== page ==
I've been doing really, really well regarding Facebook. In fact, the only day it was hard was the first day and that was because it was just a habit. People message me there (rather than sending an email), so I have gone over there multiple times to answer those, and when I finish a recommended book I post something on the wall of the person who encouraged me to read it so they will know I appreciated it, but otherwise I've cut my usage down from 72 hours a day to about ten minutes. I am hurting my elbow patting myself on the back.
I think the reason it was so easy is that I've gotten better at quitting things that I know are not good for me. First politics, then Castleville -- Facebook was easier in a way because while there were definitely some good things about it, there were also bad (like my cousin getting ticked off at me).
I started reading the Job commentary. It was published by the Soncino Press, which is a British company that specializes in Jewish subjects. They treat the Bible as divine and tend toward the Orthodox version of things.
That being said, however...They do not think Job is a true story, but present it as an allegory. This is not a problem, of course, for two reasons. One -- I'd never thought of it that way, so I suppose it's possible that it IS an allegory, but two -- I can ignore that part. :)
They say that Satan has "not yet become a Prince of Darkness." I'm not sure exactly what they mean by this. They seem to imply that he is still an angel, albeit a cantankerous one.
"Note that the Satan is one of the sons of God. His role is that of a celestial Intelligence Officer who must report to God in the Heavenly Council." Then later, "The Satan appears in the Hebrew Bible as 'the Adversary,' 'the Opposer.' His part is to oppose men in their pretensions to a right standing with God, and to test their sincerity."
I'm not sure what to think about all of that. Hmmm.
None of this is why I wanted to read a commentary, however -- I understood chapter one quite well on my own. It's once Job and his friends start talking that I lose any sense of what's going on.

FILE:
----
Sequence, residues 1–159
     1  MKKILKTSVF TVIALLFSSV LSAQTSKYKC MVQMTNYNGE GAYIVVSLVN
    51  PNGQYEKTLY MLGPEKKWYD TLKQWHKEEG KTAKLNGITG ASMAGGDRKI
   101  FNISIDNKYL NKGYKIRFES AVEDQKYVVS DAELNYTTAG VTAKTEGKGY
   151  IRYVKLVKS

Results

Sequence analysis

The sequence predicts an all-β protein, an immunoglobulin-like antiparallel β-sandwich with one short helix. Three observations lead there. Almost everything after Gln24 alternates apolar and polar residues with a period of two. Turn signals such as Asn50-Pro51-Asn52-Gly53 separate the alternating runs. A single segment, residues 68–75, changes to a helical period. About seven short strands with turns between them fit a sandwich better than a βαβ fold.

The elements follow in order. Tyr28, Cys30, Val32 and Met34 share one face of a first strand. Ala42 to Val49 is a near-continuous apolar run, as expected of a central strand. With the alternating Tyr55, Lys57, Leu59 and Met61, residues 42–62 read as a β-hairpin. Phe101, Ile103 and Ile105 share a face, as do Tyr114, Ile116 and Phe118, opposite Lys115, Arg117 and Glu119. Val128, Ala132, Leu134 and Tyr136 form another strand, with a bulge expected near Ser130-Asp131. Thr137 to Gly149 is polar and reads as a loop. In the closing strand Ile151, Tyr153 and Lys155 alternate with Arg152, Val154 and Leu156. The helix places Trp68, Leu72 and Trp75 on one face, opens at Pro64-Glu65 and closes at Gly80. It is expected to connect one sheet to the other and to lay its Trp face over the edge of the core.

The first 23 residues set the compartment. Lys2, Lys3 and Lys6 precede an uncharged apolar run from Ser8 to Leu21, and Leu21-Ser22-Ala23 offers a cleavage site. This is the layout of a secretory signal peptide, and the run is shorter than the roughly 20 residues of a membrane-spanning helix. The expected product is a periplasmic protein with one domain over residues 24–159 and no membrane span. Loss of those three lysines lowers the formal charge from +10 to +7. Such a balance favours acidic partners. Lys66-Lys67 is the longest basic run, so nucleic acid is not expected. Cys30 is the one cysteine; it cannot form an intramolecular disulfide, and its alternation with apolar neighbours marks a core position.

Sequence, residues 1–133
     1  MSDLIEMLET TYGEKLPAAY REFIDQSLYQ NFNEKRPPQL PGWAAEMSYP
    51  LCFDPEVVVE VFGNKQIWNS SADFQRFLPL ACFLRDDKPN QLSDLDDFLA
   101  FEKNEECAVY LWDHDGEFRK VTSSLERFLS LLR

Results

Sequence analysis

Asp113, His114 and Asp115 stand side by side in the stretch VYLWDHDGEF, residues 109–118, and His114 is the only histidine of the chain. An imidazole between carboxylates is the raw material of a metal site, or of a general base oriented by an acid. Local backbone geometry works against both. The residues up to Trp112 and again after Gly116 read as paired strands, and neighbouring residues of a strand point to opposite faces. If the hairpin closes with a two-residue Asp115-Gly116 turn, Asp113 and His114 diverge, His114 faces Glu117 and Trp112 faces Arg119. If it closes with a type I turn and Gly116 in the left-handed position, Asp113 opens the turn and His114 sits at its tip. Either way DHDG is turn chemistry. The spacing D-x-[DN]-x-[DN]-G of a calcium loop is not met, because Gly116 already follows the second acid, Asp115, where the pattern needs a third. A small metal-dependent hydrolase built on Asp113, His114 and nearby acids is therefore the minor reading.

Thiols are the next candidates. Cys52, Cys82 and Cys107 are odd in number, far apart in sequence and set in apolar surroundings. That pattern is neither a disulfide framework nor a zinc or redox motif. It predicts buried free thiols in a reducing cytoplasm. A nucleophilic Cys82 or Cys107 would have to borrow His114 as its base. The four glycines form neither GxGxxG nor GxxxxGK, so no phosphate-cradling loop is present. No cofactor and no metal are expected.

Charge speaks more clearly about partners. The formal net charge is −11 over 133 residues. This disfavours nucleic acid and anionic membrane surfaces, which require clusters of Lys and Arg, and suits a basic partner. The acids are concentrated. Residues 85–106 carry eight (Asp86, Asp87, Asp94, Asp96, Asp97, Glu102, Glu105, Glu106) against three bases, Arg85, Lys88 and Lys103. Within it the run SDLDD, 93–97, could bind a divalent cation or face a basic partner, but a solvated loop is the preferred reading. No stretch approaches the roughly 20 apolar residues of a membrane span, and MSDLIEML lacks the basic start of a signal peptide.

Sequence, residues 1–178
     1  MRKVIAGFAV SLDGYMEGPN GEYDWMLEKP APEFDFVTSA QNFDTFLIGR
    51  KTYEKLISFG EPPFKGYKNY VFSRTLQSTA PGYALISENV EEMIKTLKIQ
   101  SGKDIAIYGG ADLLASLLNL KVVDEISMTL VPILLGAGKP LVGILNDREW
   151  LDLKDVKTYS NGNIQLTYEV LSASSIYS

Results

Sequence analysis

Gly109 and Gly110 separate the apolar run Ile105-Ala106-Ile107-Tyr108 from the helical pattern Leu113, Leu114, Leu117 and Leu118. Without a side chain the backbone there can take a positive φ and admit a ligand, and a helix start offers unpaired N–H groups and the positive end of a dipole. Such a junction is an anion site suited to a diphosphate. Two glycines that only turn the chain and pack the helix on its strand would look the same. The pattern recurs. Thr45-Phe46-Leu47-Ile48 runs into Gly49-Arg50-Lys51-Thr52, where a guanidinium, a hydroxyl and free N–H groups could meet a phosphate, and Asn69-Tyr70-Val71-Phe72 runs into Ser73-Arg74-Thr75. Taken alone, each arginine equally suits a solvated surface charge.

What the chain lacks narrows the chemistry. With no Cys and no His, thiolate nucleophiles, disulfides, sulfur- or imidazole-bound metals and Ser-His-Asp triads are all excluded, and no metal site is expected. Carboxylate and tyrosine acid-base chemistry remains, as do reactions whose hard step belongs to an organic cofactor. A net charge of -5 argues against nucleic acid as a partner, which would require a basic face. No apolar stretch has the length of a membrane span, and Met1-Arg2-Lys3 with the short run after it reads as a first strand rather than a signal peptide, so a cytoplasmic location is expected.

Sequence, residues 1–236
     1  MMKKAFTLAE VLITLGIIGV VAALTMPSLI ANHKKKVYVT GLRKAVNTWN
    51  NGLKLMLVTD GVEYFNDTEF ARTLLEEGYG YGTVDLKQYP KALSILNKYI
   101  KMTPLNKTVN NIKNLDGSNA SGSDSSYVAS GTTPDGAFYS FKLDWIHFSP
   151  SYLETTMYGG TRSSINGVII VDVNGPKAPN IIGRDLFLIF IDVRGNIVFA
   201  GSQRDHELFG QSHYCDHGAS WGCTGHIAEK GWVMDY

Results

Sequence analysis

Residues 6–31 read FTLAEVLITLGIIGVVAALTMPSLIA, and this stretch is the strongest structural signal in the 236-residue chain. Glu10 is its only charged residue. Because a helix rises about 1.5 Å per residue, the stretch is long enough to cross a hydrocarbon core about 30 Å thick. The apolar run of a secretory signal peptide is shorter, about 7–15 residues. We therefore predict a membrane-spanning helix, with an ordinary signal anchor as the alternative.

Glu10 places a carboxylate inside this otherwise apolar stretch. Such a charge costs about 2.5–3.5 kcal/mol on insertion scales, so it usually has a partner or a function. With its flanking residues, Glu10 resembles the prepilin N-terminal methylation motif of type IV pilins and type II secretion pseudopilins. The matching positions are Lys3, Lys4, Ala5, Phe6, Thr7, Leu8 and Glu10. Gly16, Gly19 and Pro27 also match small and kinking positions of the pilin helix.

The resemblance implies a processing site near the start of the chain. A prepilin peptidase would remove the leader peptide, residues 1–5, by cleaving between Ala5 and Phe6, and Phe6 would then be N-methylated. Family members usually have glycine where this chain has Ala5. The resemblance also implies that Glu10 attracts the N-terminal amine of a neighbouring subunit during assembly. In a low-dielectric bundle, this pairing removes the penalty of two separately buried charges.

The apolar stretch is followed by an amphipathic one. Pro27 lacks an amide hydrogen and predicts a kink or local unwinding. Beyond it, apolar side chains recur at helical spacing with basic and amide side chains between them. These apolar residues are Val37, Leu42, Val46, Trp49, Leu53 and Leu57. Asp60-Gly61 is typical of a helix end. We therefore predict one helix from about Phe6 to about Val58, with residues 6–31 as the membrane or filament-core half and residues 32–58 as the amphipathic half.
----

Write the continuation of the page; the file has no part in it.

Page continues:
Incidentally, I think it is interesting that the word that is translated "blaspheme" -- or "curse" in a different version -- (for example, in verse 5) is actually the Hebrew word for "bless." It's an expression: "Ibn Ezra points out that this is an euphemism for its opposite 'to curse, blaspheme.' Rashi likewise suggests that out of motives of reverence the verb 'bless' was substituted for 'curse.'" THIS is the stuff I wanted a commentary for. I have a feeling that Job is LOADED with expressions that you simply cannot understand if you don't know anything about ancient Hebrew.
Also -- in just one chapter of this commentary I am really thrown into the thick of the difference between Jews and Christians. I'd almost forgotten; even though I live with a Jew he's been pretty Gentile-ized in his old age. The Jewish outlook is different from the Christian outlook. I don't just mean about the Messiah -- I mean the whole worldview. I have to say that I love it. I always wanted to be Jewish because Jesus was a Jew, so I am predisposed to love the things that separate Jews from Greeks.
And -- don't worry. I am very unlikely to write a blog entry for all 42 chapters of Job. It's just that I get kind of excited when I start something like this and now that I'm not Facebooking I have to express myself in writing SOMEWHERE. And that somewhere is...here.